Next August Tiu talked about the “conservation corridor to protect flora and fauna” and Grace Cheng from AGC Design talking about Costa Smeralda in Sardinia. It emerged later that some of the project team had also travelled to St. Tropez and Monte Carlo on fact finding missions for the Baroque.
YK Cheng asked for “5 more minutes to wrap up.” He said, “It takes time for the public to accept the development. We have talked to green groups, yachting groups, etc and also organised a forum with Minutes. I am delighted that the level of acceptance has been increasing. 95% of indigenous villagers support the project and 100% of those who run businesses support it.”
He mentioned that the Capella – a “6 star hotel in Singapore” – had signed a letter of intention to run the hotel if the project goes ahead.
There followed a Q&A and an opportunity for more great quotes:
“I’d like to stress that I am independent. I am not a consultant, I am a partner.” (Mr. Chong)
“I have an observation. It’s just like dogs and monkeys. They don’t tolerate each other. It’s just like cats and rats. If they are raised together, they will tolerate each other. Turtles have been around for 215 million years, longer than people and we have to see how they adapt. We should study that. With new gene technologies we can allow turtles to come back to their original habitats.” (Mr. Chong)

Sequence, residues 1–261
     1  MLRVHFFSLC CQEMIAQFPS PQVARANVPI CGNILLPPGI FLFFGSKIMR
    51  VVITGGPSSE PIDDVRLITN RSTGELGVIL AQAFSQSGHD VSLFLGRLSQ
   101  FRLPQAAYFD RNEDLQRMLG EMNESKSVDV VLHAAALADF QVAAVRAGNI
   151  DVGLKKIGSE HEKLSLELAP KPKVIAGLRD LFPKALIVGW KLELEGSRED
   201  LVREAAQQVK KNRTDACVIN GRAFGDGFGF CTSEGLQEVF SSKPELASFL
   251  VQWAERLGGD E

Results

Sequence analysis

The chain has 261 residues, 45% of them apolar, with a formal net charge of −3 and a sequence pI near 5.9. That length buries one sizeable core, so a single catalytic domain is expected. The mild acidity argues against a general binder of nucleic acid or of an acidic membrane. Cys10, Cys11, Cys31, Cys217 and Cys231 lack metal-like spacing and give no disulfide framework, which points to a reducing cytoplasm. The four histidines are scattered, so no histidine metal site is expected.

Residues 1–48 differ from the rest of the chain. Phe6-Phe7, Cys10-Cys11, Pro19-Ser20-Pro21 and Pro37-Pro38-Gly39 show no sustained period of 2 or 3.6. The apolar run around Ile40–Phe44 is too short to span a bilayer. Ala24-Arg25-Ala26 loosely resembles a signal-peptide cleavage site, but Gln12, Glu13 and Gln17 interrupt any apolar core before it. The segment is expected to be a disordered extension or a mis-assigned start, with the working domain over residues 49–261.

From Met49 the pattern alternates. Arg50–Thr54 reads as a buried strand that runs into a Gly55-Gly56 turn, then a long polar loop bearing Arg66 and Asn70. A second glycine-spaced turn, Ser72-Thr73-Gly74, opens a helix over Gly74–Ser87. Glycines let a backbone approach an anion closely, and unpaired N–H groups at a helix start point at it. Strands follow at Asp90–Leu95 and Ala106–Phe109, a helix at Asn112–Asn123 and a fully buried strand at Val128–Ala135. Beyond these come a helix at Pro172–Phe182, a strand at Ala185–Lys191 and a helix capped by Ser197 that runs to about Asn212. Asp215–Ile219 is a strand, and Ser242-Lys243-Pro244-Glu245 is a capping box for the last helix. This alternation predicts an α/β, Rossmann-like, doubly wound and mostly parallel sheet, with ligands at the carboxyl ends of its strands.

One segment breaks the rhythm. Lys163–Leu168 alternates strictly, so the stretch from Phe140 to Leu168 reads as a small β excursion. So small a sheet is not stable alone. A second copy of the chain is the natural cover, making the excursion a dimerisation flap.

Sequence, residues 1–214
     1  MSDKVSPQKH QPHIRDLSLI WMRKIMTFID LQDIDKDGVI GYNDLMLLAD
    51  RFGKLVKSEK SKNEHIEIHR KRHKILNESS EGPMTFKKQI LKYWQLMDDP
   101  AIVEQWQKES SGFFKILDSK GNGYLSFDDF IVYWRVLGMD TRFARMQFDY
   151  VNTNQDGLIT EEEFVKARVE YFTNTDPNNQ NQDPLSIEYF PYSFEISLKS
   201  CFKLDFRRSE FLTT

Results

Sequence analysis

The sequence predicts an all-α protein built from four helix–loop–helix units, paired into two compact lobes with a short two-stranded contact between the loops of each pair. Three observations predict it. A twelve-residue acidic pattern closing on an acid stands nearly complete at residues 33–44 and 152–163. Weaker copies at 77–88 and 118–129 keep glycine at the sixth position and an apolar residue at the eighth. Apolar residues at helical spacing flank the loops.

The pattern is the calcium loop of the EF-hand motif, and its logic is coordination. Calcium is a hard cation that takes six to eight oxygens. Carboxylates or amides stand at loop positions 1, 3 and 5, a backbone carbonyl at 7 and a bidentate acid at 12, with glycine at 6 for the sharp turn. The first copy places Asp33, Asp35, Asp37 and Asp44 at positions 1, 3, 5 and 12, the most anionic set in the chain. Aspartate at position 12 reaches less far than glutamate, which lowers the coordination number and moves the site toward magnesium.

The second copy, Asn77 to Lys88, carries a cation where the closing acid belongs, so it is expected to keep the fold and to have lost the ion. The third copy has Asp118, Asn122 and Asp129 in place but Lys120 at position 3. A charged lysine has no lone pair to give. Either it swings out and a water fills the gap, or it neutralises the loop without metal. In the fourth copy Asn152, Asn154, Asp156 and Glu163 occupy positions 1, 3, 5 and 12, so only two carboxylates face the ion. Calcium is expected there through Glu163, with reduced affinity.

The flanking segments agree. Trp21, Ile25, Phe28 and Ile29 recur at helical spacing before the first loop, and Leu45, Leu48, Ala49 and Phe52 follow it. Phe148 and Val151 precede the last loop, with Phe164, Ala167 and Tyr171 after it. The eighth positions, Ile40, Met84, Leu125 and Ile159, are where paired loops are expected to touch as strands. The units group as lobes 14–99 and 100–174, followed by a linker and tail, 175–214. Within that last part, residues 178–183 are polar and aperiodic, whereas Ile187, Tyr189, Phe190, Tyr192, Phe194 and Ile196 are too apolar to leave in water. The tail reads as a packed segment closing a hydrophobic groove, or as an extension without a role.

“The resort hotel in Singapore is a very good project. There is not much space between the buildings but actually its huge space because when you are inside you can’t see the next building.” (Grace Cheng)
Responding to a comment from a TPB member that the outcome of the Baroque’s public consultation was at odds with the number of objections received, a spokesperson for the Baroque said: “We can’t identify where the objections have come from. We don’t know who they are. There were objections at the start but very soon the number of supporters grew very substantially.”
“This is for the long term benefit of Hong Kong. I love Lamma.” (Bobby Li)
Mr Li concluded: “This is a chicken and egg situation. We need an outline and we need to go deeper. Just approve the outline. Endorsement of this outline doesn’t mean that we can do it in the end.”
You might be wondering what some of this means. You might even find you disagree with some of the comments. If so, please address your remarks to Mr. Bobby Li and YK Cheng, The Baroque on Lamma, firstname.lastname@example.org, tel: 28473383 or drop by their office at 33/F Citibank Tower, Garden Road, Hong Kong. Be sure to say who you are!
By the way, the Planning Department have done a marvelous job in synthesizing all the submissions on the Baroque. Their report is the size of a large telephone directory and is available for public viewing at their offices in Shatin.